Not wishing to recognize any potential liability to the Villa homeowners, let alone to returning the 2007 assessment increase, the board’s key officers Berman and Dixon first decided wow the Villa owners with lots of data in their July 2007 presentation. In that presentation, Roz Berman's well craftedtable purported to show the level of fully-funded reserves at the time of transition. On its face, that table demonstrate that no additional reserves were owed. Rather than satisfying the Villa owners, the Berman presentation was recognized by some for what it was, an unverifiable sham with unfounded claims about the level of fully-funded transition reserves.

When the Dixon-Berman board failed to come forward with any evidence to support their outrageous reserve claims, they soon began working on a much more devious plan, a plan I call Plan B. Plan B would raise questions of possible criminality since it involved the deliberate fabrication of association financial documents for the purpose of thwarting a fair accounting of transition reserves as provided by the terms of the Settlement Agreement. Unable to convince the Villa owners that nothing more in transition reserves was due, Plan B was soon in development.  

Sadly, Plan B entailed the fabrication of actual financial records of the association, four of the six reserve studies periodically ordered by the board from a Reserve Specialist. Compared to the "Developer Transition" table in the July '07 handout that purported to demonstrate that no additional reserve monies were owed, we now have the board engaged in doctoring official financial records of the association to accomplish what they were unable to accomplish in Berman's July presentation. While the initial act of creating a table with data to demonstrate an unsupported falsehood might be viewed as an error in judgment, the deliberate falsification of association financial records was a much more serious and deceitful act, one unexpected from those who would otherwise like to command our respect and trust.

Such fabricated data for the “Look-Back” RS would greatly impact the level of transition reserves due Villa owners. If Roz Berman and Jack Troia had done their homework, the “Look-Back” RS would yield a result that was favorable to the board’s undisclosed intentions, one that would establish that no additional reserve monies were owed to the Villa reserve accounts. Unless i did not understand what the board was up to, did not the willful falsification of Villa reserves financial data constitute an outright fraud on the Villa homeowners? Moreover, it's impossible to envisage that such fraudulent acts fell within the scope of allowable acts under the business judgment rule.  

As anticipated, Jack Troia's April 2008 report to the board on the results of the 2005 Look-Back RS disclosed that for each Villa Neighborhood the level of reserves as of May 31, 2005 was "overfunded"after taking into account the value of the 2007 Settlement Agreement. In stark contrast to a fully-funded level of $1.4 million based on the reported results of the 2006 RS, along with a million dollar shortfall, Jack Troia reported that the fully-funded level was actually $385,000 and the fund had no shortfall at all and was actually overfunded. That result left an unaccounted for million dollar discrepancy between what DFS had reported in 2006 and what DFS had reported in 2008 for the transition year 2005. The substantial reserves shortfall that had been depicted by the 2006 RS had simply vanished in the 2008 produced RS. One should not forget that those reserves simply vanished as a result of the board's fraudulent manipulation in 2007 of key financial reserve documents. In the end, the board was able to successfully demonstrate that the level of “fully-funded” Villa reserves required from the developer at transition was so far down that no reserves shortfall existed.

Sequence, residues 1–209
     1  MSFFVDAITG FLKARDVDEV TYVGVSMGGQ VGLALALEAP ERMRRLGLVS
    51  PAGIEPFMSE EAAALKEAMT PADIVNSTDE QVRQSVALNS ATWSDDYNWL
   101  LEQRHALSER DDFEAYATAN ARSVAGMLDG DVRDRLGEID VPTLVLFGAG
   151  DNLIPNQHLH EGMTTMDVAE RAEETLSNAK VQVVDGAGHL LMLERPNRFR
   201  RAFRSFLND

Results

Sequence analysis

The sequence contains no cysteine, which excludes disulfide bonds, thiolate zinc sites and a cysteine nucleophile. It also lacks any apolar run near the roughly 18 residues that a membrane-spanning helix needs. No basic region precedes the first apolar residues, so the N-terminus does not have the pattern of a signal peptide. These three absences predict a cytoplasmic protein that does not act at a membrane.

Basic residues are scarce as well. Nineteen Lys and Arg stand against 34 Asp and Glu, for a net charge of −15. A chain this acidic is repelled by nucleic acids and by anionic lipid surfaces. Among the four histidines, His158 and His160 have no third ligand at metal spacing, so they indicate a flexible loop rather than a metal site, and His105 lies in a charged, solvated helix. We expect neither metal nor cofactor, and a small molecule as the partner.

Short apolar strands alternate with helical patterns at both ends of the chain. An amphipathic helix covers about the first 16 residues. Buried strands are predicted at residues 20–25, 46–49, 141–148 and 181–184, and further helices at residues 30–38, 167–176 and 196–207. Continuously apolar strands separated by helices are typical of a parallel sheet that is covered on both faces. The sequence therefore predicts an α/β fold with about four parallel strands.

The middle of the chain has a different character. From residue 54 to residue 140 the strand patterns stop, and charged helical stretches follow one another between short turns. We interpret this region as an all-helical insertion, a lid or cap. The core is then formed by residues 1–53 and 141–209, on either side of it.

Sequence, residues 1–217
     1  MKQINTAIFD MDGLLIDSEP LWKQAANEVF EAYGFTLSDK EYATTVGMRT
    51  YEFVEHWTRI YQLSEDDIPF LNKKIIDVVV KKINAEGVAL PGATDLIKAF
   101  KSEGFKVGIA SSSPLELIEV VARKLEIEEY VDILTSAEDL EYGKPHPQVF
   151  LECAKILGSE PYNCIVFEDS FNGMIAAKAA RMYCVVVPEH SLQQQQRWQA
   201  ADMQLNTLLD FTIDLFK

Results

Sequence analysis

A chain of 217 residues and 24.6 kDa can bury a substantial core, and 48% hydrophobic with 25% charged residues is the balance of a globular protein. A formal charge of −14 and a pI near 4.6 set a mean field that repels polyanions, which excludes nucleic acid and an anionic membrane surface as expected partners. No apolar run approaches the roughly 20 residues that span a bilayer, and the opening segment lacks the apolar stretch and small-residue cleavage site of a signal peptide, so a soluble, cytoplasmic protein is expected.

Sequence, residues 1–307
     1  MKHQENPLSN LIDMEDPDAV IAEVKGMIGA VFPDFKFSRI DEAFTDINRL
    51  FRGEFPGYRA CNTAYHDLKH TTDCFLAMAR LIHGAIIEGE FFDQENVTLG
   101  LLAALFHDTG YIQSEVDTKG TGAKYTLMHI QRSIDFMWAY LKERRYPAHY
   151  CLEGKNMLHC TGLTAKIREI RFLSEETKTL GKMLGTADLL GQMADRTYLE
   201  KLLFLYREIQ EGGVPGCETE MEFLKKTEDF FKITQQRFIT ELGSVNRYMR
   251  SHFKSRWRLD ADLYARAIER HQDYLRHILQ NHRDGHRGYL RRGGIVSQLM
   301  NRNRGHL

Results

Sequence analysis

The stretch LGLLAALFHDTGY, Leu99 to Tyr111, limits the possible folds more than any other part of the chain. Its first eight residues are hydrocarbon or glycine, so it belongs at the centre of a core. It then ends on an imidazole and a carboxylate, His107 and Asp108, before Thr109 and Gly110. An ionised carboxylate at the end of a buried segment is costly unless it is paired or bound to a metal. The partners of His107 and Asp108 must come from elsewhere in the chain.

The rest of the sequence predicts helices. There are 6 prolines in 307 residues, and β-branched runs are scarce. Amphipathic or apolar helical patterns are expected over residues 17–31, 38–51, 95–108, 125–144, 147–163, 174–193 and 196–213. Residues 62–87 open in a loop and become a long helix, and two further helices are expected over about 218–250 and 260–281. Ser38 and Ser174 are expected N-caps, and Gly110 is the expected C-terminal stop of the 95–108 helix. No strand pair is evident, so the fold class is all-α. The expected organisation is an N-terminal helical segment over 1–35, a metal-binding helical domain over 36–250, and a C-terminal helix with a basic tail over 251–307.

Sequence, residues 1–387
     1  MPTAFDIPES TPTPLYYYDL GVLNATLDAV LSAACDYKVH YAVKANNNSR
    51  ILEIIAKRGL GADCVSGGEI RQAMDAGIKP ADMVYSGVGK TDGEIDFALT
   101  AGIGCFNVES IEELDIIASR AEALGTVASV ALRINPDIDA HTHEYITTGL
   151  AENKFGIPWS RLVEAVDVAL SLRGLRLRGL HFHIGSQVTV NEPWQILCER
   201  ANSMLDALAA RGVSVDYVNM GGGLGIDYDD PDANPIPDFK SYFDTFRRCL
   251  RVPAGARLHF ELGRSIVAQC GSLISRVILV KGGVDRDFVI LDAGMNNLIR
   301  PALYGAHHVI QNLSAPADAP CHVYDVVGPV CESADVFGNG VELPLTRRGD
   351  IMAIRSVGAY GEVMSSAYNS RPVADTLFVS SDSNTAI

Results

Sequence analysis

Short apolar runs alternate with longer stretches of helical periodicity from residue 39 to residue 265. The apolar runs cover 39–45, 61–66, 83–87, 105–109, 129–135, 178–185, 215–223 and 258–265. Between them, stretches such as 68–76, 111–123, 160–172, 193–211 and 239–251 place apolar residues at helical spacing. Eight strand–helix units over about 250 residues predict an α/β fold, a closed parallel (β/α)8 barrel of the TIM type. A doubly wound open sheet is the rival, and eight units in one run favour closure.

Looking at Jack Troia’s Neighborhoods Report on Villa reserves for 2005, there is no hint of the machinations that were required to achieve the board's fabricated result. When key board officers set out to defraud one group of homeowners by fabricating financial data, does the phrase “we are very fortunate to have an excellent system of checks and balances” really have any meaning insofar as Sun City Anthem governance is concerned?  Based on the wrongful acts deliberately committed by our board members, I don’t think so.

An Opportunity to Set Matters Straight 

The unanswered question is whether the current board will choose to continue or reject the decidedly wrongful practices that were initially adopted by the Mike Dixon and Roz Berman board and subsequent boards that had a vested stake in the same fraudulent outcomes. I would hope that the challenge and opportunity for our newly elected board to set matters straight will not elude them nor prove too burdensome for them to achieve. That opportunity will be facing the board soon with the upcoming 2012 RS on the horizon.


Ron Johnson 18 September 2011